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United States Navy Cruisers

Cruisers are one of the most versatile warships ever utilized by the United States Navy. The USN employed different cruiser sizes and forms for the past two hundred years. Yet for much of the 20th century, cruisers were built with a deadly material called asbestos. Anyone exposed to asbestos could be at risk of deadly diseases like mesothelioma.

Fact-Checked and Updated by: Jenna Tozzi, RN

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U.S. Navy Cruisers and Asbestos Exposure Risks

The first Navy cruisers were sailing warships designed for fast and agile maneuvering, being able to sustain long voyages. Sail evolved to steam and diesel power. Now, modern navy cruisers are powered by nuclear energy.

Regardless of their energy source, all cruisers built between the 1930s and the early 1980s put Navy veterans at risk of serious health problems since these vessels were built with asbestos.

Cruisers replaced the battleship after World War II. Now, cruisers are the largest American warships next to aircraft carriers. Battleships were unable to properly defend against enemy air attacks.

Cruisers, however, were easily modified for effective anti-aircraft weaponry in addition to bombarding ship and shore positions as battleships could.

Today’s sophisticated guided-missile cruisers are state-of-the-art weapons that work in conjunction with an entire battle fleet. Cruiser roles include air, surface, subsurface, and long-range land striking capability with Tomahawk cruise missiles.

Types of U.S. Navy cruisers include:

  • Armored cruisers
  • Aircraft cruisers
  • Auxiliary cruisers
  • Battle cruisers
  • Command cruisers
  • Guided missile cruisers
  • Heavy cruisers
  • Hunter-killer cruisers
  • Light cruisers
  • Nuclear cruisers

While asbestos was favored on ships for many reasons, exposure is now known to cause deadly health problems — including the incurable cancer mesothelioma.

If you were exposed to asbestos on a Navy cruiser and now have mesothelioma, we may be able to help. Download our Free Veterans Compensation Guide now to learn more.

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  • File a VA claim
  • Receive legal compensation

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Asbestos Use in Navy Cruisers

There were hundreds of cruiser-variation warships built from the 1930s until the 1980s. Every one of these military vessels used asbestos in their construction.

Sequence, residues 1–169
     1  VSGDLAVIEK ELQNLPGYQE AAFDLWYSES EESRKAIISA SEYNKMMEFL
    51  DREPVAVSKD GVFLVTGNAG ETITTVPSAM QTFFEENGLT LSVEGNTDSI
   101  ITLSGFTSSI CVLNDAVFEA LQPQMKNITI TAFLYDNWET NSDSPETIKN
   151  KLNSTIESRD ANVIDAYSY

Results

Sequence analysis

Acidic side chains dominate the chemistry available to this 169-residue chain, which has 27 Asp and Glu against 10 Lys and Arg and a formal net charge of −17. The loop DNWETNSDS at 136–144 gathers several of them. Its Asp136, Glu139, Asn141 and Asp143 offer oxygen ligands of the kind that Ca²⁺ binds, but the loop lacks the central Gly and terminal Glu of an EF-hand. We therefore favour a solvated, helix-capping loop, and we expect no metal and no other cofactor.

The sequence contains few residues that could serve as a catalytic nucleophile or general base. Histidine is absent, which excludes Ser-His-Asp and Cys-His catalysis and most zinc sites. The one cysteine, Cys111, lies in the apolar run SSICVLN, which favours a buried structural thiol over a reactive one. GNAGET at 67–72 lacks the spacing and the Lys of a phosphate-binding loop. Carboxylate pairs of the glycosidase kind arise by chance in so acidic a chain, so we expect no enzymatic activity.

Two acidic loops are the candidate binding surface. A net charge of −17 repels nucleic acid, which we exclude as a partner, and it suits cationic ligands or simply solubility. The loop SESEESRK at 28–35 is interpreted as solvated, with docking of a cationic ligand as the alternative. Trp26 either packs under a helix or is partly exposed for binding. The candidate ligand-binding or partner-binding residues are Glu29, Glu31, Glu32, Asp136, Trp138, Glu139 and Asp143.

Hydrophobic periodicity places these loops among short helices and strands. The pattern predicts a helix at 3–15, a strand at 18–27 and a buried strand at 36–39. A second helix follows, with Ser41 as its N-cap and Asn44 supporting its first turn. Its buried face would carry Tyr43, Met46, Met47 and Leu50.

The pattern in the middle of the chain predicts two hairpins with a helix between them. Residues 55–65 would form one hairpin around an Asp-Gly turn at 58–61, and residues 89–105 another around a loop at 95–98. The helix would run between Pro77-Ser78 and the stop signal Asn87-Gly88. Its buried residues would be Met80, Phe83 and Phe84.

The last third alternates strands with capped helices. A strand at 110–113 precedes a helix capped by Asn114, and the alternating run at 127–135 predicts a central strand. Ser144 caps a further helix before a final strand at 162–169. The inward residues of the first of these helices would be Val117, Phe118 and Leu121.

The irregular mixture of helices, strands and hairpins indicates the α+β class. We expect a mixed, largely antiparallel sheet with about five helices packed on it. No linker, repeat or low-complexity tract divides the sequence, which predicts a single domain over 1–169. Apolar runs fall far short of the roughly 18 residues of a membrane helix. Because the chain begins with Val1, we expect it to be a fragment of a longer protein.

During that six-decade span when asbestos was prominently used in cruiser building, Navy designers, planners, and shipbuilders thought they had the miracle material in asbestos.

Ships are hot and flammable environments that need volumes of insulation and fire protection. Asbestos wouldn’t burn under any conditions.

Did You Know?

This so-called “miracle mineral” was thermally neutral, non-corrosive, anti-conductive, and lightweight. Asbestos was also readily available and cost-effective.

The huge problem with asbestos is when particles dislodge from the parent material and go airborne. This happened when asbestos-based products dried out and became friable.

Airborne asbestos contamination also happened when workers cut, fit, and refit asbestos products. That occurred onboard cruisers that had poor ventilation as well as in shipyards when being built or maintained.

Once the health hazards became widely known, the Navy stopped using asbestos in new vessels. They also undertook a massive abatement program where asbestos-containing products were removed from the ships or properly contained.

Types of Asbestos Products Used in Cruisers

Navy cruisers were built with over 300 different asbestos-containing products. These shipbuilding components were utilized across the Navy as well in all cruisers manufactured before the 1980s.

These asbestos-containing products were often found on cruisers:

  • Protective panels
  • Blankets
  • Fire shields
  • Cables and ropes
  • Deck tiles
  • Ceiling panels
  • Electrical cable coatings
  • Firefighting suits